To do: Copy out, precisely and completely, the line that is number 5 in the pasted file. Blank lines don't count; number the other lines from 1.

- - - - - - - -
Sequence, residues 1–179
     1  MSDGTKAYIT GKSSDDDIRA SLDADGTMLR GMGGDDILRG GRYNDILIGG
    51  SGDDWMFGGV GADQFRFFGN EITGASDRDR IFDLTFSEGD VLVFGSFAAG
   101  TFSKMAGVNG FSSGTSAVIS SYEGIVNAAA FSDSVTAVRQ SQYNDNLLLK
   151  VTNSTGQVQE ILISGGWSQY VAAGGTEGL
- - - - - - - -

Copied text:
   151  VTNSTGQVQE ILISGGWSQY VAAGGTEGL